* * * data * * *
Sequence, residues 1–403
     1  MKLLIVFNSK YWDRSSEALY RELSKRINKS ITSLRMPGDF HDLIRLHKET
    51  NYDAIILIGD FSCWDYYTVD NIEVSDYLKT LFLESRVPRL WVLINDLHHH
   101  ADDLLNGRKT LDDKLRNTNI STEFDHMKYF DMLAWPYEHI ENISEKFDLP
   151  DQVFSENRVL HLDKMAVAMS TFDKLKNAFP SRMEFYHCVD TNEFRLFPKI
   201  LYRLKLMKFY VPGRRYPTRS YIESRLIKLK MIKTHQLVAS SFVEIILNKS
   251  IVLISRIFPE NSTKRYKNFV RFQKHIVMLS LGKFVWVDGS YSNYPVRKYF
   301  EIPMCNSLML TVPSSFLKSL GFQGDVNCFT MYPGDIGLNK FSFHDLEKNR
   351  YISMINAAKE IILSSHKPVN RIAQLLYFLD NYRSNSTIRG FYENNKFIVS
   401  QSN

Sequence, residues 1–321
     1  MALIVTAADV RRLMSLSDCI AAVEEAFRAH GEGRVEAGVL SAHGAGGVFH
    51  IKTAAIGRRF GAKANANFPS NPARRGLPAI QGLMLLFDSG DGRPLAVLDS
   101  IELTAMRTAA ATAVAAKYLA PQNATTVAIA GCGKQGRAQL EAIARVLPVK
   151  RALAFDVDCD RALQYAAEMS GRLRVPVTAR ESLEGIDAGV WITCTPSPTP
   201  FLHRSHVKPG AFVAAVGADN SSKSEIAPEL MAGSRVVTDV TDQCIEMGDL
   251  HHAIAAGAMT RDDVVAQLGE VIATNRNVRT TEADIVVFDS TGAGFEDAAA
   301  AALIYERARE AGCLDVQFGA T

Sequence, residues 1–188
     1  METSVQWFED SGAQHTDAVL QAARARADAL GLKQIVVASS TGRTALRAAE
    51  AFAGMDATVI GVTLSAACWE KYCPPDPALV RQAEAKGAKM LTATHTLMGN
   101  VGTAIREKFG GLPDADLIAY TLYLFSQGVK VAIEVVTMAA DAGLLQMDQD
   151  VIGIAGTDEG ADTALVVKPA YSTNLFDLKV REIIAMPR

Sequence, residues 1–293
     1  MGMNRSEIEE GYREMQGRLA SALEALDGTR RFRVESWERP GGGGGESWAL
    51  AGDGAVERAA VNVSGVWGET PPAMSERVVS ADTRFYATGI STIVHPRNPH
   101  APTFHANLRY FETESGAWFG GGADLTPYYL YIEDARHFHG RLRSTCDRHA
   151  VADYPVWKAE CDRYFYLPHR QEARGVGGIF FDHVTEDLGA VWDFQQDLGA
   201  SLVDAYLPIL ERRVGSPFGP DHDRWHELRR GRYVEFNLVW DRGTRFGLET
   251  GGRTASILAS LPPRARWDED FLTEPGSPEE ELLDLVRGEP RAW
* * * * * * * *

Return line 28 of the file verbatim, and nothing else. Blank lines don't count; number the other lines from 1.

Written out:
   151  VADYPVWKAE CDRYFYLPHR QEARGVGGIF FDHVTEDLGA VWDFQQDLGA